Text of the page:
|US4632121 *||Sep 18, 1985||Dec 30, 1986||Tronomed, Inc.||Safety medical cable assembly with connectors|
|US4671591 *||Jul 15, 1985||Jun 9, 1987||Physio-Control Corporation||Electrical connector|
|US4722354 *||Jun 14, 1985||Feb 2, 1988||Jens Axelgaard||Electrical stimulation electrode|
|US4848345 *||Jan 30, 1978||Jul 18, 1989||Zenex Corporation||Connection circuit and method for using monitor/defibrillator|
|US4869255 *||Jul 13, 1988||Sep 26, 1989||Ad-Tech Medical Instrument Corp.||Electrical connection device|
|US4894023 *||Sep 6, 1988||Jan 16, 1990||Hall Harold E||Connector assembly for anode ring of cathode ray tube|
|US4911657 *||Mar 20, 1989||Mar 27, 1990||Lec Tec Corporation||Tethered biomedical electrode connector|
|US5046965 *||May 4, 1990||Sep 10, 1991||Utah Medical Products, Inc.||Disposable electrical connector for fetal scalp electrode|
|US5168876 *||Feb 26, 1991||Dec 8, 1992||American Home Products Corporation||Connector device for use in monitoring fetal heart rate|
|US5199432 *||Oct 30, 1990||Apr 6, 1993||American Home Products Corporation||Fetal electrode product for use in monitoring fetal heart rate|
|USRE28990 *||Feb 6, 1975||Oct 5, 1976||Corometrics Medical Systems, Inc.||Bipolar electrode structure for monitoring fetal heartbeat and the like|
|USRE32204 *||Jun 1, 1983||Jul 15, 1986||Mansfield Scientific, Inc.||Electrode assembly for temporary pacing and heart measurements|
|DE8603542U1 *||Feb 7, 1986||May 28, 1986||Mueller-Wickop, Juergen, Dr., 2000 Hamburg, De||Title not available|
|DE8701828U1 *||Feb 6, 1987||Apr 9, 1987||Mueller-Wickop, Juergen, Dr., 2000 Hamburg, De||Title not available|
|EP0377432A1 *||Jan 2, 1990||Jul 11, 1990||Abbott Laboratories||Tool for placement of a monitoring probe in the scalp of a fetus|
|GB1339029A *||Title not available|
|GB2057784A *||Title not available|
|1||*||Corometrics Medical Systems, Inc., Leg Plate For Use With Corometrics Model 115, 116 Fetal Monitors, as offered for sale in Catalog No. 2608DAO, Sep. 1988, 5 pages.|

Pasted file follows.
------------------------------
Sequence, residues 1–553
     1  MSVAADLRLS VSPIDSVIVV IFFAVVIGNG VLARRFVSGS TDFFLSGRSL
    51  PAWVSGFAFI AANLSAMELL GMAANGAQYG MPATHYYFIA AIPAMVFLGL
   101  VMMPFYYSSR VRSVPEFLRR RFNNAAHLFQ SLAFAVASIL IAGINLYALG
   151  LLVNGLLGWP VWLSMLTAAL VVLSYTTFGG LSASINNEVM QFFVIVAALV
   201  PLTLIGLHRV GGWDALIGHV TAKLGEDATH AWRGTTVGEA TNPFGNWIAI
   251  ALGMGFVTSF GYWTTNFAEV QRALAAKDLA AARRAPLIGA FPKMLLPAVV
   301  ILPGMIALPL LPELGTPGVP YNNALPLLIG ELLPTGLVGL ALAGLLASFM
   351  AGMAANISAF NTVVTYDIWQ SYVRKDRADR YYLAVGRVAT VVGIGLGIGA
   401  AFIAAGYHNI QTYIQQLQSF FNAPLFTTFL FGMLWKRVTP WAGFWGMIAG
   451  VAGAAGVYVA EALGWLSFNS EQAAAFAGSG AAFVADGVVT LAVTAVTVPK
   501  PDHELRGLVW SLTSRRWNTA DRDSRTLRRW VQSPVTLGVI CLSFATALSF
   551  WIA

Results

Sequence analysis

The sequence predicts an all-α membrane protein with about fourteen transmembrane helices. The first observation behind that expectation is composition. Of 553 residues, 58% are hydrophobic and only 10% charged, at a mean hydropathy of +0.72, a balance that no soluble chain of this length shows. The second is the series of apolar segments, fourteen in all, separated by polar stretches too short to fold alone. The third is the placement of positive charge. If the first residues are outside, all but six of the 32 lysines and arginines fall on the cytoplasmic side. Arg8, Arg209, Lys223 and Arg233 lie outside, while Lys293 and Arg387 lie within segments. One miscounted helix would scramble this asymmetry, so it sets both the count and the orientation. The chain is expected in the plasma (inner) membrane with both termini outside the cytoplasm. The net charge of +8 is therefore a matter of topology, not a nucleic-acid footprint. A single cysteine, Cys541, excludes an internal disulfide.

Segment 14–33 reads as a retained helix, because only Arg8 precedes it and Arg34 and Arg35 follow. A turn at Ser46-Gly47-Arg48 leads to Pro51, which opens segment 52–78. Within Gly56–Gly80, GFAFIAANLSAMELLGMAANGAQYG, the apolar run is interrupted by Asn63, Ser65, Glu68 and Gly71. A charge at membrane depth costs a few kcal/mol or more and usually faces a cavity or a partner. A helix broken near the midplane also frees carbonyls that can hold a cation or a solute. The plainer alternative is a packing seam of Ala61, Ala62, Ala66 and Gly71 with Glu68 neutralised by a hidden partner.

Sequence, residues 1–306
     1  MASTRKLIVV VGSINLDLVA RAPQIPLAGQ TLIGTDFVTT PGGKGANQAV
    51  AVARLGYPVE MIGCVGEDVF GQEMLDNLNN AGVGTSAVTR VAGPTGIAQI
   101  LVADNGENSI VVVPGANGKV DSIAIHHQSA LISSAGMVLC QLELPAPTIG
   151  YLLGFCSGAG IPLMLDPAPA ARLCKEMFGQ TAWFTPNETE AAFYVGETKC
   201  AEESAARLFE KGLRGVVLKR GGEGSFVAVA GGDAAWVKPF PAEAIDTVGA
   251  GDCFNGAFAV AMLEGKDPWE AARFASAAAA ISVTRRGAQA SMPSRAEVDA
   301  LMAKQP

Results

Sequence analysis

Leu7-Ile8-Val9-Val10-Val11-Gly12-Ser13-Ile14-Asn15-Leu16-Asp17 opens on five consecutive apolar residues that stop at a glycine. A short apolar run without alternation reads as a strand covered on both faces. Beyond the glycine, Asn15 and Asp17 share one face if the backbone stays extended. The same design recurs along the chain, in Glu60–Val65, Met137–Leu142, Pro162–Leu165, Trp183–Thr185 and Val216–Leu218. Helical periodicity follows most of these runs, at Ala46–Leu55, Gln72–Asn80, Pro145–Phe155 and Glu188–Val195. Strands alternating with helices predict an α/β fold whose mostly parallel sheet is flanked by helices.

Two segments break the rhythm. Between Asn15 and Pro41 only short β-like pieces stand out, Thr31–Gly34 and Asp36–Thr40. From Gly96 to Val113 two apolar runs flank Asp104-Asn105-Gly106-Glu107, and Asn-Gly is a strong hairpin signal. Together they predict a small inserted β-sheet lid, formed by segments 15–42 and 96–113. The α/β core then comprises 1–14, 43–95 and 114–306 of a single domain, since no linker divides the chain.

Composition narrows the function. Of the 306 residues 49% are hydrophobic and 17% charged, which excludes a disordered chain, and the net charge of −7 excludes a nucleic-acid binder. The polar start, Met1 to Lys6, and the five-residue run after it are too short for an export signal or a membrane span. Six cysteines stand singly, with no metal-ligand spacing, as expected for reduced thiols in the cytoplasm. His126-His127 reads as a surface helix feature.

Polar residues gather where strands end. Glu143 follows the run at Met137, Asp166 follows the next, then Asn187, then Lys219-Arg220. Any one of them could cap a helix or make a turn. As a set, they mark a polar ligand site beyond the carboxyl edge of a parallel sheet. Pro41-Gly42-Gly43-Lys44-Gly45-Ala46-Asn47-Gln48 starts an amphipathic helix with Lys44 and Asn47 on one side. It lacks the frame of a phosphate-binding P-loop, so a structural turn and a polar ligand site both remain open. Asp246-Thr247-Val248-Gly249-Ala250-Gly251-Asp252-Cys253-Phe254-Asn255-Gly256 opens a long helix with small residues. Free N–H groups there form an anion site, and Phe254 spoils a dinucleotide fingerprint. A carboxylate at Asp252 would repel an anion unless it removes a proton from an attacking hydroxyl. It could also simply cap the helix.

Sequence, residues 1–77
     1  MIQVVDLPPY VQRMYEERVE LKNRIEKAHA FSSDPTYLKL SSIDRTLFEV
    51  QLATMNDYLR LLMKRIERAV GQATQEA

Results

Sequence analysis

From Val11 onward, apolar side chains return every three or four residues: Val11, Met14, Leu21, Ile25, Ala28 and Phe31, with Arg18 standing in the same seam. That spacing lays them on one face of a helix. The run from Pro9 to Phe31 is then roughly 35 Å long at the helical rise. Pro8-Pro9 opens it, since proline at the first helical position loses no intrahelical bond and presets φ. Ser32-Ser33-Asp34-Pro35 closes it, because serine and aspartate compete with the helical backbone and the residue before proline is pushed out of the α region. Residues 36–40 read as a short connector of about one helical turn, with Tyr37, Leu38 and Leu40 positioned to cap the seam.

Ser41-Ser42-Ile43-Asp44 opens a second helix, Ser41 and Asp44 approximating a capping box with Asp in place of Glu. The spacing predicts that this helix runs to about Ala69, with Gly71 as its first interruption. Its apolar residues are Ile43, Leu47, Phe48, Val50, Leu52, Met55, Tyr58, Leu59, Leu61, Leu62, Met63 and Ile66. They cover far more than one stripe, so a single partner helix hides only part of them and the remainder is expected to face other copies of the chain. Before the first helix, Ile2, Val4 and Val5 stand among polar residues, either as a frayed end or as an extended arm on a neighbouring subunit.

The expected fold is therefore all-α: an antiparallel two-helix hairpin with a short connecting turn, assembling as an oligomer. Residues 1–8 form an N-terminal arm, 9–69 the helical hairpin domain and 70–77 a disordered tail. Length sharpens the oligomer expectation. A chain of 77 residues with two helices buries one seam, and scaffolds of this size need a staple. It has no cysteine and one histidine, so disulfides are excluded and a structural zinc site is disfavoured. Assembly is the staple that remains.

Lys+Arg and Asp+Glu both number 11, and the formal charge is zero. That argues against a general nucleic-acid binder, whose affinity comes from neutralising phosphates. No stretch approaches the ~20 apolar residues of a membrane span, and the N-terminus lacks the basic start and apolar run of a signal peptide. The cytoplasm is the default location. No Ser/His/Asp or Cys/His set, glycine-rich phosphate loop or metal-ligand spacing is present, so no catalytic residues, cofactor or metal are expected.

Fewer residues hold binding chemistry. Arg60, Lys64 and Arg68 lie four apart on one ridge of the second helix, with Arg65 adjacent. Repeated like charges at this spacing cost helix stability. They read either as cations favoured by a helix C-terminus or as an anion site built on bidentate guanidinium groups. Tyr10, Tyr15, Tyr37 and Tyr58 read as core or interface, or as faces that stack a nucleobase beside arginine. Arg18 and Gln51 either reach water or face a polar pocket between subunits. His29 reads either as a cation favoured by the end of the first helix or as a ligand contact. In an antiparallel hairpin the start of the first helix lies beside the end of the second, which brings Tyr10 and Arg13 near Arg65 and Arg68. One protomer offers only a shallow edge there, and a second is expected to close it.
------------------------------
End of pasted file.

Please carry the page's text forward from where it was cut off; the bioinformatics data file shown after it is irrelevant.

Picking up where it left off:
|Citing Patent||Filing date||Publication date||Applicant||Title|
|US5671736 *||Oct 17, 1995||Sep 30, 1997||Graphic Controls Corporation||Fetal electrode product with easy-to-handle connector|
|US5963429 *||Aug 20, 1997||Oct 5, 1999||Sulzer Intermedics Inc.||Printed circuit substrate with cavities for encapsulating integrated circuits|
|US6151520 *||Jan 26, 1999||Nov 21, 2000||Ge Medical Systems Information Technologies, Inc.||Connector for fetal probe|
|US6292679||Feb 2, 2000||Sep 18, 2001||Leonard T. Sheard||Leg plate|
|US6356778||Mar 8, 2000||Mar 12, 2002||Ge Medical Systems Information Technologies, Inc.||Connector assembly for fetal scalp electrode|
|US6363272||Oct 4, 2000||Mar 26, 2002||Ge Medical Systems Information Technologies, Inc.||Connector for fetal probe|
|US6751498||Mar 10, 2000||Jun 15, 2004||The Johns Hopkins University||Apparatus and method for non-invasive, passive fetal heart monitoring|
|US7016716||Jun 28, 2002||Mar 21, 2006||Gerhard Rall||Sensor device for measuring vital parameters of a fetus during birth|
|US7336985||Sep 30, 2004||Feb 26, 2008||Clinical Innovations, Llc||Fetal heart rate electrode assembly, connector for same, cable assembly, system, and methods of use|
|US7854237||Jun 28, 2007||Dec 21, 2010||Nancy Beck Irland||Fetal monitoring transducer aligning device|
|US20040214478 *||Apr 24, 2003||Oct 28, 2004||Inovise Medical, Inc.||Coupler-adapeter for electrical amd audio anatomical signal sensor|
|US20050033130 *||Jun 28, 2002||Feb 10, 2005||Gerhard Rall||Sensor device for measuring vital parameters of a fetus during birth|
|US20050124902 *||Nov 29, 2004||Jun 9, 2005||Inovise Medical, Inc.||Electrical and audio anatomy-signal sensor system|
|US20050137486 *||Sep 30, 2004||Jun 23, 2005||Wallace Wm. D.||Fetal heart rate electrode assembly, connector for same, cable assembly, system, and methods of use|
|CN104918548A *||Jan 27, 2014||Sep 16, 2015||麦迪盖德有限公司||Shielded twisted pair of conductors using conductive ink|
|EP1645224A1 *||Sep 23, 2005||Apr 12, 2006||Galera Pilar Mula||Device for the continuous and similtaneous monitoring of physiological parameters of a patient, in particular, cardiological parameters|
|WO2002022009A1 *||Sep 13, 2001||Mar 21, 2002||Neoventa Medical Ab||Fetal scalp electrode|
|WO2003009747A1||Jun 28, 2002||Feb 6, 2003||Gerhard Rall||Sensor device for measuring vital parameters of a fetus during birth|
|U.S. Classification||600/376, 439/909|
|International Classification||A61B5/0428, A61B5/0416, A61B5/0448, H01R13/52, H01R13/62|
|Cooperative Classification||Y10S607/902, Y10S439/909, A61B5/04286, A61B2562/227, H01R13/62, A61B5/0416, H01R2201/12, A61B5/0448, H01R13/5224, A61B5/4362|
|European Classification||A61B5/43F6E, A61B5/0448, H01R13/62, A61B5/0428F, A61B5/0416, H01R13/52R|
|Aug 4, 1994||AS||Assignment|
Owner name: COROMETRICS MEDICAL SYSTEMS, INC., CONNECTICUT
Free format text: ASSIGNMENT OF ASSIGNORS INTEREST;ASSIGNOR:AHP LEASING, INC.;REEL/FRAME:007090/0221
Effective date: 19940531
|Jun 17, 1998||FPAY||Fee payment|
Year of fee payment: 4
|Jul 9, 2002||REMI||Maintenance fee reminder mailed|
|Dec 20, 2002||LAPS||Lapse for failure to pay maintenance fees|
|Feb 18, 2003||FP||Expired due to failure to pay maintenance fee|
Effective date: 20021220